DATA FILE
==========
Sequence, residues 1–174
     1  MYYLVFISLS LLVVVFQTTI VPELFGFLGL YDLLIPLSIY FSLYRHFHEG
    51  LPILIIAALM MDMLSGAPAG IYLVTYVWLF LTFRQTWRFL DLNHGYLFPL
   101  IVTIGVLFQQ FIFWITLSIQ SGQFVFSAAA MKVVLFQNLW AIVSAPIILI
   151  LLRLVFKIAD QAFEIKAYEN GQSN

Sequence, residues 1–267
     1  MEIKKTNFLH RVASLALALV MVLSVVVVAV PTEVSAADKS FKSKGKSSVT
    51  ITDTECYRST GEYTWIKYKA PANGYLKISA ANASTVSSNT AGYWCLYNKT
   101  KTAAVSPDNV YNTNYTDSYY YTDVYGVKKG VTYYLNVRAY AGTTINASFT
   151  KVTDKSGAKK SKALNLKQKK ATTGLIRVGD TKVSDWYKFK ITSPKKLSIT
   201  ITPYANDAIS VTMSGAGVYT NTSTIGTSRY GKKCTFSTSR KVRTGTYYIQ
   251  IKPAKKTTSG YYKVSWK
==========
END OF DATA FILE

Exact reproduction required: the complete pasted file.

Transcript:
Sequence, residues 1–174
     1  MYYLVFISLS LLVVVFQTTI VPELFGFLGL YDLLIPLSIY FSLYRHFHEG
    51  LPILIIAALM MDMLSGAPAG IYLVTYVWLF LTFRQTWRFL DLNHGYLFPL
   101  IVTIGVLFQQ FIFWITLSIQ SGQFVFSAAA MKVVLFQNLW AIVSAPIILI
   151  LLRLVFKIAD QAFEIKAYEN GQSN

Sequence, residues 1–267
     1  MEIKKTNFLH RVASLALALV MVLSVVVVAV PTEVSAADKS FKSKGKSSVT
    51  ITDTECYRST GEYTWIKYKA PANGYLKISA ANASTVSSNT AGYWCLYNKT
   101  KTAAVSPDNV YNTNYTDSYY YTDVYGVKKG VTYYLNVRAY AGTTINASFT
   151  KVTDKSGAKK SKALNLKQKK ATTGLIRVGD TKVSDWYKFK ITSPKKLSIT
   201  ITPYANDAIS VTMSGAGVYT NTSTIGTSRY GKKCTFSTSR KVRTGTYYIQ
   251  IKPAKKTTSG YYKVSWK